There are a lot of different stories you can tell about how you got to where you are. This one is about perspective.
I grew up in northern British Columbia. My family is from here, I went to university here, and after some time away, I decided I wanted to live here.
I have a degree in political science/international studies, which is another way of saying no easily definable skill set. So I applied for a wide range of jobs. One of them was for the current affairs radio show for northern British Columbia (the same place I work today).
I don’t remember the exact wording of the job description, but part of it was essentially wanting a candidate who is passionate about the region and its stories.
Now, I had some background in media- I could write, I had volunteered at campus radio and newspaper. But lots of people do that.
But what there isn’t a lot of, I figured, is people who are from and actively want to live in northern B.C. applying for journalism jobs (my experience has been a lot of people see smaller centres as stepping stones to bigger ones).
So I leaned on that hard, in my cover letter and interview. What I really sold was my perspective as someone who knows this place. I sold my network and experience as an asset to digging up new stories.
I didn’t get the job, but I did get put on the call list for when an extra body was needed in the office. And eventually that turned into a part-time job, then a full-time one.
And all along, I think one of my greatest strengths has been my perspective as a person who is from here. Growing up in a certain way allows you a deeper understanding of issues and stories that other people don’t get, at least not right away.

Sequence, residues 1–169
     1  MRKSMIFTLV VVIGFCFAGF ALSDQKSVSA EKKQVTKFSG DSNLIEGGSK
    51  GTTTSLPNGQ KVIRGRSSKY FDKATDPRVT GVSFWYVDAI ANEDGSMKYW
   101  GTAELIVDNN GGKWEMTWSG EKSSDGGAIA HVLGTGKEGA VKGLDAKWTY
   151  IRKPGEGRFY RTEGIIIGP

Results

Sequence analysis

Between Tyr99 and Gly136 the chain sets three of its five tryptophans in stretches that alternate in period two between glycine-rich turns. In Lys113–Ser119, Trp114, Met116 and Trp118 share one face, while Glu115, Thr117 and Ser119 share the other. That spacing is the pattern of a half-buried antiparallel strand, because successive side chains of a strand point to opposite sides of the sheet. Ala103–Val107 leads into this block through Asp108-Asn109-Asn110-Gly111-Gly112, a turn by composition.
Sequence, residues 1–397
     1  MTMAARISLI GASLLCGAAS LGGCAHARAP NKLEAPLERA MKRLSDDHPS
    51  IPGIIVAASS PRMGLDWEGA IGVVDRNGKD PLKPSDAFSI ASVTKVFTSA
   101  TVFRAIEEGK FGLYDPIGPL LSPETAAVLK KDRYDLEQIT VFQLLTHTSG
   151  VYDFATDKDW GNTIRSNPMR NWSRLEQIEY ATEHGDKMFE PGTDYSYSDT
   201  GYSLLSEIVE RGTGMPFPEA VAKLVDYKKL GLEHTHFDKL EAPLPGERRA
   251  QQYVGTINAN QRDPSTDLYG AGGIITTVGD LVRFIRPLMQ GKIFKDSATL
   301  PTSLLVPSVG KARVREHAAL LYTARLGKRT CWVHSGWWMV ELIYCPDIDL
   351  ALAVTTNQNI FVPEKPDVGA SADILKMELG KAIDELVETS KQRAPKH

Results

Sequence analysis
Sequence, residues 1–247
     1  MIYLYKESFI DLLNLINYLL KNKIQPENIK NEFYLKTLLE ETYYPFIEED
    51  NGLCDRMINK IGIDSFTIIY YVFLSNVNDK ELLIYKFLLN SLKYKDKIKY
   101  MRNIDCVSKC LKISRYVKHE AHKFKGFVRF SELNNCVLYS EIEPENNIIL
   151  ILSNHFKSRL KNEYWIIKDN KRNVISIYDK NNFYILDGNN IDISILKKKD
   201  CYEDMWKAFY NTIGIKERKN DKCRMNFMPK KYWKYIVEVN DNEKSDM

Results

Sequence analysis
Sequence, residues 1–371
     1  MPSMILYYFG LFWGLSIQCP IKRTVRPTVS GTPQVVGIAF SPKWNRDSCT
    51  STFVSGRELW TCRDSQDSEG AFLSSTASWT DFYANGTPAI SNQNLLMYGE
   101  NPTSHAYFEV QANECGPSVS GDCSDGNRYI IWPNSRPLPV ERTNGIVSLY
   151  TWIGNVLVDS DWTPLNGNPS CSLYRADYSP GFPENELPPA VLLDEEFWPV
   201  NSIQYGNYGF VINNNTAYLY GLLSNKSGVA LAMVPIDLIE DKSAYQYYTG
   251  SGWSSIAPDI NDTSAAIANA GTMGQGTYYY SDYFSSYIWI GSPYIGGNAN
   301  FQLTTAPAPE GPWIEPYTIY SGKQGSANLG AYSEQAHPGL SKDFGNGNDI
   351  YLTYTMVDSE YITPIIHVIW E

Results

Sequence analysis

* * *
I bring this up because of what happened this week when BuzzFeed editor Scaachi Koul revealed they were interested in hearing non-white, non-male perspectives. You can read the full series of tweets here, but the key ones are:
“Would you like to write long-form for @BuzzFeed Canada? WELL YOU CAN. We want pitches for your Canada-centric essays and reporting.”
“.@BuzzFeedCanada would particularly like to hear from you if you are not white and not male.”
IF YOU’RE A WHITE MAN UPSET THAT WE ARE LOOKING MOSTLY FOR NON-WHITE NON-MEN
I DON’T CARE ABOUT YOU
GO WRITE FOR MACLEAN’S“
Now, granted, it was put a little more bluntly than most want ads, but a. this wasn’t a want ad, it was a series of tweets and b. ultimately what it says is that BuzzFeed is looking for diverse voices. In fact, Koul later clarified that yes, white men could pitch and, in fact, she was receiving good pitches from a variety of people, including white men. But it was too late because of bunch of (mostly white, mostly male) people decided these tweets seeking out diverse perspectives were a form of discrimination.
But in media, that’s a huge part of why you are hired: your perspective. You live or die based on your ability to pitch and deliver certain types of stories.
There are a ton of people who on a technical/training level are better writers/editors/producers than I am, and that was especially true when I first got my job.